Hair Loss After Covid
Group Chief Trichologist Kim Fong has observed an increase in clients with an unsettling side effect after COVID: losing their hair. "If you experience sudden hair loss or are concerned about hair volume after covid, it's best to seek professional help as soon as possible," recommends Kim. With proper treatment, it's possible to see new hair growth within four to six months, using hair regrowth treatments to stop excessive shedding and jump-start the regrowth process.
HAIR LOSS AND COVID-19
Hair loss is a common side effect among individuals who have been infected with COVID-19. This condition, also known as telogen effluvium, can occur due to the stress and trauma that the body experiences during a viral infection. The exact cause of hair loss in individuals with COVID-19 is not yet fully understood, but some experts believe that the virus may cause inflammation and damage to the hair follicles, while others suggest that the stress of the infection may lead to a change in the hair growth cycle. Additionally, medication and other treatments used to combat COVID-19 may also contribute to hair loss.
Understanding Telogen Effluvium
The hair growth cycle is divided into three stages: anagen, catagen, and telogen. During the anagen stage, the hair is actively growing. In the catagen stage, the hair stops growing and begins to detach from the hair follicle. Finally, in the telogen stage, the hair falls out. Normally, about 85% of the hair on a person's head is in the anagen phase and 15% is in the telogen phase. However, during telogen effluvium, more hair than usual enters the telogen phase and falls out. This results in an increase in hair shedding and a decrease in hair volume.
Symptoms of Telogen Effluvium
Symptoms of telogen effluvium include excessive hair shedding, thinning of the hair, and a decrease in hair density. Some research suggests that the telogen effluvium caused by Covid-19 may present differently from the typical form of the condition. One notable difference is that hair shedding from Covid-19 related telogen effluvium tends to occur much sooner. According to experts, hair loss usually happens within four weeks of contracting the virus, as opposed to the typical three months after a triggering event. In addition, some Covid-19 patients may also experience tenderness and altered sensations in the scalp known as "trichodynia," which is not commonly seen in typical telogen effluvium.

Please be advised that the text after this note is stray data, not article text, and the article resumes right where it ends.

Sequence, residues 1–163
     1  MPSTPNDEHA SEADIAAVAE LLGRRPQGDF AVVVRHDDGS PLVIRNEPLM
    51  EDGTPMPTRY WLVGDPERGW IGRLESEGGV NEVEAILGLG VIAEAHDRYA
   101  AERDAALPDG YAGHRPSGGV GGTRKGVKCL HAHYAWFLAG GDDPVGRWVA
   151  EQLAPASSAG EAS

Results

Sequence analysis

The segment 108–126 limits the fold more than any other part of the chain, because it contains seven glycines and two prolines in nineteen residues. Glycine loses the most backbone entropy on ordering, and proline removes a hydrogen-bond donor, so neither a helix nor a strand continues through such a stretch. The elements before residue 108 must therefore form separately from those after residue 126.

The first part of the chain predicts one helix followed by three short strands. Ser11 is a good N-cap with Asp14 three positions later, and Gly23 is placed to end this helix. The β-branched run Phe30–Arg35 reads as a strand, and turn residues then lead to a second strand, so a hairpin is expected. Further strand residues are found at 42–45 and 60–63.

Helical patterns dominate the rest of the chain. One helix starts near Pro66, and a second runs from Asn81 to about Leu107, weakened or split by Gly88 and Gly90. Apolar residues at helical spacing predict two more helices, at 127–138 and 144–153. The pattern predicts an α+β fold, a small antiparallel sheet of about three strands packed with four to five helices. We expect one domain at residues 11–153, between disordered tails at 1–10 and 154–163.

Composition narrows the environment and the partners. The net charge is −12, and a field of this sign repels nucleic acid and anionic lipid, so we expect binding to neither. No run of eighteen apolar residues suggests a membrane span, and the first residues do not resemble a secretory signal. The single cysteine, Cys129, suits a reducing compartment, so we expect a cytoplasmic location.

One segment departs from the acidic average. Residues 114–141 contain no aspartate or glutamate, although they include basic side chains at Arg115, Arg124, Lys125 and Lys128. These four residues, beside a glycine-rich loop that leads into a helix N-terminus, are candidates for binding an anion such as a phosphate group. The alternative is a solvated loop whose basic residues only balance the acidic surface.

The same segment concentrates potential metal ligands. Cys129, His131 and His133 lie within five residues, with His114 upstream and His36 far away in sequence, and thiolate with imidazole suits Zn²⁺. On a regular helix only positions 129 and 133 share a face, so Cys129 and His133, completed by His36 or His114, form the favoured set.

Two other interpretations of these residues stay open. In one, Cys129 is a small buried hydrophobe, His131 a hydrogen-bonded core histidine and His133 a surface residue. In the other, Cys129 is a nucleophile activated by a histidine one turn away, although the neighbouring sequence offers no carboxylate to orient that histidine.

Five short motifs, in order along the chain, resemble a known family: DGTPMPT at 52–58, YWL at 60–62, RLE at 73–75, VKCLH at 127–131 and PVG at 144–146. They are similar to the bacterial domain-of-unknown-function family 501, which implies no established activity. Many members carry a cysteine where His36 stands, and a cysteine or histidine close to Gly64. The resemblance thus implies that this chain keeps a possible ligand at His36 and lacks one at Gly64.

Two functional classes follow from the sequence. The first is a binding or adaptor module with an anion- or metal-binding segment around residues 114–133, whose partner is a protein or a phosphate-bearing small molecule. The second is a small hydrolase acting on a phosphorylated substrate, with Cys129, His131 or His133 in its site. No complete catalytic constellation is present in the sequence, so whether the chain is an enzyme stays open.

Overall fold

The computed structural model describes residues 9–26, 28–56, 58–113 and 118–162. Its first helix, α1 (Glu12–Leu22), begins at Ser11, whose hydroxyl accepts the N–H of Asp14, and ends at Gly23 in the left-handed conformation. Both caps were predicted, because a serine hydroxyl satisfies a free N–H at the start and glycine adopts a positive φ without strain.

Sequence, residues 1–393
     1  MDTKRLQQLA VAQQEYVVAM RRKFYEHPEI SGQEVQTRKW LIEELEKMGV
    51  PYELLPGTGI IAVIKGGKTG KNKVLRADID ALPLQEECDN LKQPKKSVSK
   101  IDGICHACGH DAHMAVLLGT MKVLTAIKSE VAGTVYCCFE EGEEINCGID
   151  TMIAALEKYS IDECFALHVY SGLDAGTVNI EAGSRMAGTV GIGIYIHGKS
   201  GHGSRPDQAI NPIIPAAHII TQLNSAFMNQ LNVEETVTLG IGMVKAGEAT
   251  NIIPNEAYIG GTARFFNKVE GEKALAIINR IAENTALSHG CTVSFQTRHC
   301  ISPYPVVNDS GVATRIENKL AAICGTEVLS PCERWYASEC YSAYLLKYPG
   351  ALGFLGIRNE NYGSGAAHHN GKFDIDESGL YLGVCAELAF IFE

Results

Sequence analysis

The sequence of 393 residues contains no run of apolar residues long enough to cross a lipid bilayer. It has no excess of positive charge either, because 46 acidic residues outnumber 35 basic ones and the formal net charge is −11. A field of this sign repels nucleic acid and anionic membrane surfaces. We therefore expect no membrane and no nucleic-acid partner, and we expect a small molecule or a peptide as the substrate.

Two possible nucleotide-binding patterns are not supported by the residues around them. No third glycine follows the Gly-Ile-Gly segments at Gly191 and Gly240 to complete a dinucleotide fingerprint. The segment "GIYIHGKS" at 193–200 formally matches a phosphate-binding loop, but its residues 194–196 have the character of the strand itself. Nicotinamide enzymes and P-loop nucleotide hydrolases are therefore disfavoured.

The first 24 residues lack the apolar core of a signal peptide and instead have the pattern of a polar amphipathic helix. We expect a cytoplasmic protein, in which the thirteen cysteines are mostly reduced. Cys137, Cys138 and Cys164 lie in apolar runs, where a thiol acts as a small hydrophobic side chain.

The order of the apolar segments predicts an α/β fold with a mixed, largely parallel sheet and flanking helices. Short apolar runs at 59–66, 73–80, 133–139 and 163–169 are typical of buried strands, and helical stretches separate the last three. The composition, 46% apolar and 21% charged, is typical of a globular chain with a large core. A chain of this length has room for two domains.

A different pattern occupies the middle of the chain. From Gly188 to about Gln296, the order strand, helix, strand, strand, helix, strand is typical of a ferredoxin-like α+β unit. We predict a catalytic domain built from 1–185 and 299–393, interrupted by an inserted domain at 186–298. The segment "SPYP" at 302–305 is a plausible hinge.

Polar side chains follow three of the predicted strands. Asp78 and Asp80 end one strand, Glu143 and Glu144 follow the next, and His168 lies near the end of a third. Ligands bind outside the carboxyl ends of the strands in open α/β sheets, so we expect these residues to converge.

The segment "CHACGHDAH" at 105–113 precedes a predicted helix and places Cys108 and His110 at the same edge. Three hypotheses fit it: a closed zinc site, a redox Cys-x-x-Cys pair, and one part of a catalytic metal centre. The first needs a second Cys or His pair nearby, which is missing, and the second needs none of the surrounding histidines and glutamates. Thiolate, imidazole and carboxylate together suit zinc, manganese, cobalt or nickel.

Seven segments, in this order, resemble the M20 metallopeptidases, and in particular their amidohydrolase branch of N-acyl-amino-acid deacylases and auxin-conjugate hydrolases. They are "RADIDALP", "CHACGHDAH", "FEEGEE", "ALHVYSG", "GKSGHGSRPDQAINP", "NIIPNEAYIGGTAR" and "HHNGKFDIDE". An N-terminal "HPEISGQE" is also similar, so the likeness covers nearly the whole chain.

Hair loss is not a direct symptom of COVID-19 and not everyone who contracts the virus will experience it. However, for those who do, it can be a distressing side effect of the illness.
Advice for Managing Hair Loss
It is important to note that turning to over-the-counter hair loss shampoos and products, while tempting, is not likely to solve the problems associated with telogen effluvium. Many Trichologists discourage people from being too aggressive in trying these products, as they may end up spending a lot of money on items with marginal, if any, benefits. Additionally, home remedies found on the Internet are not medically proven to be effective for hair loss and it is best to avoid them. Consulting with a trichologist is the best course of action to address hair loss, as they will be able to assess your individual case and recommend the most appropriate treatment plan.
Fortunately, telogen effluvium is generally a temporary condition and hair will typically regrow once the body has fully recovered from the infection. In the meantime, individuals can take steps to care for their hair and scalp and maintain a healthy diet and lifestyle to support overall health and aid in recovery. If your diet lacks the necessary nutrients, consider taking supplements.
Many of Svenson's clients who suffered from COVID-related hair loss have already seen improvement, with their hair recovering and allowing them to style it as desired. "Don't lose hope. Treatment for hair loss takes persistence and time," says Kim. "But with the right approach of a treatment plan, hair regrowth is achievable.